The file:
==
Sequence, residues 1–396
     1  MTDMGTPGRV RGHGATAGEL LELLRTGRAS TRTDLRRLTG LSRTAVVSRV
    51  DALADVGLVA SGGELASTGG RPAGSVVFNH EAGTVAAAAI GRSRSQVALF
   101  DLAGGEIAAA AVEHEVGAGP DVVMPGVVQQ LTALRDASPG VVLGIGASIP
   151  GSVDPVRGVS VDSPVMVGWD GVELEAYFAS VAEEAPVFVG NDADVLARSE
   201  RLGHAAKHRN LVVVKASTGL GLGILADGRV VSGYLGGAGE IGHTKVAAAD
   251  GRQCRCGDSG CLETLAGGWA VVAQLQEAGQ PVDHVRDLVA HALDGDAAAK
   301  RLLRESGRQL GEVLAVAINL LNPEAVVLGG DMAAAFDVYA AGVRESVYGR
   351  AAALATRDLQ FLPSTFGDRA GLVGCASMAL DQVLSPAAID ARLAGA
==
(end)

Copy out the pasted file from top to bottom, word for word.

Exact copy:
Sequence, residues 1–396
     1  MTDMGTPGRV RGHGATAGEL LELLRTGRAS TRTDLRRLTG LSRTAVVSRV
    51  DALADVGLVA SGGELASTGG RPAGSVVFNH EAGTVAAAAI GRSRSQVALF
   101  DLAGGEIAAA AVEHEVGAGP DVVMPGVVQQ LTALRDASPG VVLGIGASIP
   151  GSVDPVRGVS VDSPVMVGWD GVELEAYFAS VAEEAPVFVG NDADVLARSE
   201  RLGHAAKHRN LVVVKASTGL GLGILADGRV VSGYLGGAGE IGHTKVAAAD
   251  GRQCRCGDSG CLETLAGGWA VVAQLQEAGQ PVDHVRDLVA HALDGDAAAK
   301  RLLRESGRQL GEVLAVAINL LNPEAVVLGG DMAAAFDVYA AGVRESVYGR
   351  AAALATRDLQ FLPSTFGDRA GLVGCASMAL DQVLSPAAID ARLAGA